Known in the West as a manual of divination, the Yijing (I Ching, Book of Changes) is a composite text consisting of three distinct layers: the sixty-four hexagrams, the hexagram statements, and the Ten Wings allegedly written by Confucius. For hundreds of years, these three layers of the Yijing had caused continuous debates among Chinese scholars over the meaning of the hexagrams. For those who focused on the first two layers, they believed that the hexagrams were signs of the constant changes in the natural and human worlds. For those who focused on the Ten Wings, they believed that the hexagrams were graphic illustrations of Confucius’s philosophy of living. In this paper, I will discuss how the Yijing scholars of fifteenth-century China resolved the controversy by creating a genealogy of sages who explained the uses of the hexagrams. The genealogy, I argue, made divination a learning of living.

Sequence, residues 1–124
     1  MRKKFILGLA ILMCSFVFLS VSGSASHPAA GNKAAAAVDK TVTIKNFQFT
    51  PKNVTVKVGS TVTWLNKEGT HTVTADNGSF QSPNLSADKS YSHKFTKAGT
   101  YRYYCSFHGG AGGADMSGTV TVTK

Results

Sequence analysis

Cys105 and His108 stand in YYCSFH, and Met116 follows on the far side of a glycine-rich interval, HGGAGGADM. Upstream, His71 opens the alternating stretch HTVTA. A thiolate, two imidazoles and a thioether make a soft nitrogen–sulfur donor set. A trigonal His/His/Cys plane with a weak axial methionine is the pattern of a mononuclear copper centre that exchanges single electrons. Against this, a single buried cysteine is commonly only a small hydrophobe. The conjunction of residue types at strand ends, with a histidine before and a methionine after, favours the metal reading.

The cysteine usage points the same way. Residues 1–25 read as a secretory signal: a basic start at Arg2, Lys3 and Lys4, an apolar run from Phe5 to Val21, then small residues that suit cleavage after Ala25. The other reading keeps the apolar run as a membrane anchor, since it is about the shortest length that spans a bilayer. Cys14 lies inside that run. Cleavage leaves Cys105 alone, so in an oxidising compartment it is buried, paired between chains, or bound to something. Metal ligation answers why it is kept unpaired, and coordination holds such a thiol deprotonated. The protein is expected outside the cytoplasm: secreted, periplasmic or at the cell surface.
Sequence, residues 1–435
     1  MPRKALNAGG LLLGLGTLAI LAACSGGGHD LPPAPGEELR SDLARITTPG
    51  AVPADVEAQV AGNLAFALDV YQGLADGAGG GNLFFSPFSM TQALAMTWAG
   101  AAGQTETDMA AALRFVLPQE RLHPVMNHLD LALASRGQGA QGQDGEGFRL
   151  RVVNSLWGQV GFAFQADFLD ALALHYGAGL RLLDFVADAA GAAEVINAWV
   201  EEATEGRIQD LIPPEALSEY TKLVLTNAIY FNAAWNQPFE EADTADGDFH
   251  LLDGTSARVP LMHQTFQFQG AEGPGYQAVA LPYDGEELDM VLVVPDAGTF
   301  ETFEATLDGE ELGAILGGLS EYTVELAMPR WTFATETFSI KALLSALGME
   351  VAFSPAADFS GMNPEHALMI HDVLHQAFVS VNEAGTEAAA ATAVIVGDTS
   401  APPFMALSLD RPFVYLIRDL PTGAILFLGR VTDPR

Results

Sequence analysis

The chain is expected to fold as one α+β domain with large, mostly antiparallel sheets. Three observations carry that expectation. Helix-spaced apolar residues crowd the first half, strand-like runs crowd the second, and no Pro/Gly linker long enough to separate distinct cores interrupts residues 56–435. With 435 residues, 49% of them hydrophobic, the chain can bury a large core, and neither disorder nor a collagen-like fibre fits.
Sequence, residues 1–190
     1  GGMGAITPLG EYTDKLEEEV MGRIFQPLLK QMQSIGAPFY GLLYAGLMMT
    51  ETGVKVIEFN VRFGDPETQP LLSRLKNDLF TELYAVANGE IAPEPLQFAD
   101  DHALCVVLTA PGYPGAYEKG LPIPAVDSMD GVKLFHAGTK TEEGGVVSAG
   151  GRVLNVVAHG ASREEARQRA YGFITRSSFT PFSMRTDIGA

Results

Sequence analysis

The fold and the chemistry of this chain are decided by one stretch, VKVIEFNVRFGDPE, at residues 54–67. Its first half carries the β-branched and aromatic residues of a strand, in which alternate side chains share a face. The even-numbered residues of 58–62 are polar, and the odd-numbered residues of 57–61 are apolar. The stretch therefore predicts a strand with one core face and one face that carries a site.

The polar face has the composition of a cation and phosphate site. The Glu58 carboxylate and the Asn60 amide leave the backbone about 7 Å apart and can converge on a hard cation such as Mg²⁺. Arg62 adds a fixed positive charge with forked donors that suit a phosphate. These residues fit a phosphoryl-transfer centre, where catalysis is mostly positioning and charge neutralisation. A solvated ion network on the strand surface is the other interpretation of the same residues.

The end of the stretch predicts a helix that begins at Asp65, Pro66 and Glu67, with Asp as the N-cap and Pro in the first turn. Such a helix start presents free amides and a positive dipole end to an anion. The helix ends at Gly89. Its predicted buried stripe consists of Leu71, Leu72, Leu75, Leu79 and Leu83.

Tze-ki Hon is a professor of Chinese history at SUNY Geneseo. Among his other work, he has written two books on the Book of Changes: „The Yijing and Chinese Politics: Classical Commentary and Literati Activism in the Northern Song Period“ and „Teaching the Book of Changes“.
- Začátek události
- 5. 5. 2014 17:00 - 18:30
- Místo konání
- Celetná 20, Praha 1 (m. č. 118)
- Webové stránky
- Sinologické centrum CCK
- Typ události